The Boston Globe reported that Norfolk County prosecutors ignored multiple warnings that Dookhan was a chronic liar. Almost two years before she was suspended her husband, Surrendranath Dookhan, sent multiple text messages warning about her dishonesty. One of the text messages stated: “This is Annie’s Husband do not believe her, she’s a liar, she’s always lying.” (Annie Sadiyya Khan adopted her husband’s last name when they married in 2004.)
Disregarding the warnings by Dookhan’s husband that she was a pathological liar was emblematic of the professional affection prosecutors had for her: They loved her because she was so reliable in providing “scientific” evidence to support a conviction. Prosecutors were so happy with her assistance that they congratulated her in emails and took her out for cocktails as a reward for her work. One district attorney called Dookhan a member of the prosecutor’s “dream team.”
Dookhan even provided “fake” evidence to order.
The Boston Globe reported that in May 2010 Norfolk Assistant District Attorney George Papachristos “told her he needed a marijuana sample to weigh at least 50 pounds so that he could charge the owners with drug trafficking. “Any help would be greatly appreciated!” he wrote, punctuating each sentence with a long string of exclamation points. “Thank you!” Two hours later, Dookhan responded: “OK . . . definitely Trafficking, over 80 lbs.” Papachristos thanked her profusely.” Papachristos resigned in October 2012 after his very friendly relationship with Dookhan was reported by the Boston Globe.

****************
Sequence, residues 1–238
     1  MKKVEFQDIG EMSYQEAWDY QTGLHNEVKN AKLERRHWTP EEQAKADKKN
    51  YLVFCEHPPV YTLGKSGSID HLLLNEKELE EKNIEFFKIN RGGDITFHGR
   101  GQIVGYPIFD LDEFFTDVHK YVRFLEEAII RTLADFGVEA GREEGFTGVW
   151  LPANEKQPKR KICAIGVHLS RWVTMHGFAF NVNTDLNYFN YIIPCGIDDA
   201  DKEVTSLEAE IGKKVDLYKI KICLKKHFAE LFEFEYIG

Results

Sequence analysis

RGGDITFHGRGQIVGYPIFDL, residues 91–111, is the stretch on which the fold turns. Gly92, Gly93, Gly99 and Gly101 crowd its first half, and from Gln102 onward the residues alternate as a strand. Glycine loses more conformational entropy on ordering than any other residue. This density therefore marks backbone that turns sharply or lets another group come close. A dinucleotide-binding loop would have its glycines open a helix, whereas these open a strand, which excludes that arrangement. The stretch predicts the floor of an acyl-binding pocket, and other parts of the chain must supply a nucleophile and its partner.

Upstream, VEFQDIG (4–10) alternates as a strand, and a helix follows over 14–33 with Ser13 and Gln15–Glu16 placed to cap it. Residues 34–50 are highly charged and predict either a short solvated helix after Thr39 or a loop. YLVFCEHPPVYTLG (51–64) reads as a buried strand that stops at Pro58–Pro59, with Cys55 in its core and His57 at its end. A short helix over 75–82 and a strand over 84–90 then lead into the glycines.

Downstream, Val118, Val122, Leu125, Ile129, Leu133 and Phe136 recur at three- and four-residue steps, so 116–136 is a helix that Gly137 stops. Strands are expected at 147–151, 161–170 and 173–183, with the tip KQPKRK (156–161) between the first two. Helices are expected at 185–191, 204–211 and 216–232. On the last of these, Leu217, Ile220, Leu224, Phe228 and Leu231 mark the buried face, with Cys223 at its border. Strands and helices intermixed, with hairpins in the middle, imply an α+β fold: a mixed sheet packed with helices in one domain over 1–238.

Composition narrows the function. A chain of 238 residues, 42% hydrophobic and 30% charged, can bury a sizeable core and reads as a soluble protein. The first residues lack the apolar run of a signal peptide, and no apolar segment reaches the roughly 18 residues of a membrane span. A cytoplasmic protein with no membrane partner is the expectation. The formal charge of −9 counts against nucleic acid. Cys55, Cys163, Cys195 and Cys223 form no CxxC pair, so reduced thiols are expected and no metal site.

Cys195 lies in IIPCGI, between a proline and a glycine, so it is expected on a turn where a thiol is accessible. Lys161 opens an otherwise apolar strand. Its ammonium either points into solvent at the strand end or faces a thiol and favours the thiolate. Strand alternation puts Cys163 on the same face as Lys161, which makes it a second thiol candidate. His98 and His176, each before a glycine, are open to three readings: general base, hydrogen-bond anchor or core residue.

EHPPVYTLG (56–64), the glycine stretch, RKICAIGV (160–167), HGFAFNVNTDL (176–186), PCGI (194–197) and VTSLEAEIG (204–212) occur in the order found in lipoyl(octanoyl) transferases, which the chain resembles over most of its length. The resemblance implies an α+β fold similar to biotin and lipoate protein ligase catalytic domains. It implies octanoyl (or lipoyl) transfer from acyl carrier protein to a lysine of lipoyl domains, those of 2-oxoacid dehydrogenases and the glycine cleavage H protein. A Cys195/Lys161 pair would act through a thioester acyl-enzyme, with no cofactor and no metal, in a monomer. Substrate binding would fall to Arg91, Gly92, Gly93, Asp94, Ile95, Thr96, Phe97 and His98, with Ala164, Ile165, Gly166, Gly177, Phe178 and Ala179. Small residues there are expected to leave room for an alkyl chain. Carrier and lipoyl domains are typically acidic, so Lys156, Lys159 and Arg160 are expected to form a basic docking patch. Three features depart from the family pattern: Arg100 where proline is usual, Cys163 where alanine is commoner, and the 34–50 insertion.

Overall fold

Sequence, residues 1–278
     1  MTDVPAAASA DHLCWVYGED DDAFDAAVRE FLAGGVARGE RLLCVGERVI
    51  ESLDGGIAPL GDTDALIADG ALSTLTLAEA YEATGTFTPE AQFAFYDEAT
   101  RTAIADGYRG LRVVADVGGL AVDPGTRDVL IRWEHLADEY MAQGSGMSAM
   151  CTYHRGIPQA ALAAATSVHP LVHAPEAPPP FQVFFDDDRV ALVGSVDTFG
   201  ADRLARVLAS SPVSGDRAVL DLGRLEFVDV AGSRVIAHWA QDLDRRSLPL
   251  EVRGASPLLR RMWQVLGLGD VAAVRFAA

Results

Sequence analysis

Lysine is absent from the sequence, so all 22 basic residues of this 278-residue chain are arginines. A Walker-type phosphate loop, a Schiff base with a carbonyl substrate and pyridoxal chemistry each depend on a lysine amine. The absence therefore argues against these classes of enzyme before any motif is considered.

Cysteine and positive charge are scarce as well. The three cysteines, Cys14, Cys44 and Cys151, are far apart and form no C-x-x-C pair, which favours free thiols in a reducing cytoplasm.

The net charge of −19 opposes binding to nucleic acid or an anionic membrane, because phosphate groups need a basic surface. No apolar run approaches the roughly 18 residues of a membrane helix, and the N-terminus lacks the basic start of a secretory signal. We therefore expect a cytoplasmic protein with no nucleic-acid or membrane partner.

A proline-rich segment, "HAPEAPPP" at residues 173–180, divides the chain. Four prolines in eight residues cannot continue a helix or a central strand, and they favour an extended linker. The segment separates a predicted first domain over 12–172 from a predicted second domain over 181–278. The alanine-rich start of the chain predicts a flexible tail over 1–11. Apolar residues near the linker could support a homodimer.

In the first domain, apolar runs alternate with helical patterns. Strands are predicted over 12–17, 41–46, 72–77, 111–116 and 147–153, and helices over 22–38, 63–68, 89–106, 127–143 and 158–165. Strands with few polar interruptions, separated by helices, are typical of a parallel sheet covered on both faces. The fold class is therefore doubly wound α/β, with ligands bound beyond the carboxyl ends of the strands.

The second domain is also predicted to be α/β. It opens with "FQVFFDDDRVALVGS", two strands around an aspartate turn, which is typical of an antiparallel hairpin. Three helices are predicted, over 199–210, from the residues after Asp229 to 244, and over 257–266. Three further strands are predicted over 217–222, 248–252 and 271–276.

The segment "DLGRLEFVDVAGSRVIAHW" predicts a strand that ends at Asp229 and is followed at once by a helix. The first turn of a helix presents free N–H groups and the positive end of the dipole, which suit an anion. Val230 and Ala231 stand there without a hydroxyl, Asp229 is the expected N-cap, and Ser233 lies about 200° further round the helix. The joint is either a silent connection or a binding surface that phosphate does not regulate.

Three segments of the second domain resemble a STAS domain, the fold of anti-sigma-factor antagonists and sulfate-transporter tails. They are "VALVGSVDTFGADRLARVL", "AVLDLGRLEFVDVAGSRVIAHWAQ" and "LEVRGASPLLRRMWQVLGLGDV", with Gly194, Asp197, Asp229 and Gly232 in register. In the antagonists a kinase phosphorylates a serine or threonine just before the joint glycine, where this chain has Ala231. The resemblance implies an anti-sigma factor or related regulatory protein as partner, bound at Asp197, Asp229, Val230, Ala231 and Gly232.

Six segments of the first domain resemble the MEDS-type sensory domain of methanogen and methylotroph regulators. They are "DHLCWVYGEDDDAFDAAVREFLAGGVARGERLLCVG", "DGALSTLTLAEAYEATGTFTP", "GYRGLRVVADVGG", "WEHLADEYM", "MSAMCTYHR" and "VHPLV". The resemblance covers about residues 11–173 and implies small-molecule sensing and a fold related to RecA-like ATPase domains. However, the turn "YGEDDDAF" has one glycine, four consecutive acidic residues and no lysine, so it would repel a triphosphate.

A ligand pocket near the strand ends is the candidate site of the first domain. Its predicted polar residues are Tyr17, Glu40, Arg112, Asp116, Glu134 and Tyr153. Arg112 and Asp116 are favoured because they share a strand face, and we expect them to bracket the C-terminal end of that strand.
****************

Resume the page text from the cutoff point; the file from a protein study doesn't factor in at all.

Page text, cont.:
The Hinton lab’s quality controls were so deficient at detecting fraud, that an audit of Dookhan’s work in 2010 failed to find anything out of the ordinary, except that she was exceptionally efficient at processing case evidence.
Dookhan was arrested on September 28, 2012. She charged with two counts of obstruction of justice and one count of falsifying her academic records. She was released on $10,000 bail.
After her arrest Dookhan was indicted for crimes that included: evidence tampering, obstruction of justice, perjury, and falsely claiming to hold a graduate degree.
Dookhan agreed to plead guilty to 27 counts of tampering with evidence in exchange for the dropping of all other charges. She didn’t state why she acted as she did, but some of her communications suggested she didn’t like drug users and dealers and wanted them off the street. She was apparently oblivious to the harm her crusade was causing innocent people to suffer.
On November 22, 2013 she was sentenced to three to five years imprisonment and two years probation by Judge Carol S. Ball in Suffolk Superior Court. Ball said in sentencing Dookhan, “Innocent persons were incarcerated, guilty persons have been released to further endanger the public, millions and millions of public dollars are being expended to deal with the chaos Ms. Dookhan created, and the integrity of the criminal justice system has been shaken to the core.” Dookhan’s bail was revoked and she was taken into custody to begin serving her sentence.
Dookhan was paroled in April 2016 after less than 2-1/2 years in prison.
As Judge Ball had alluded to, there was significant legal fallout from Dookhan’s conduct.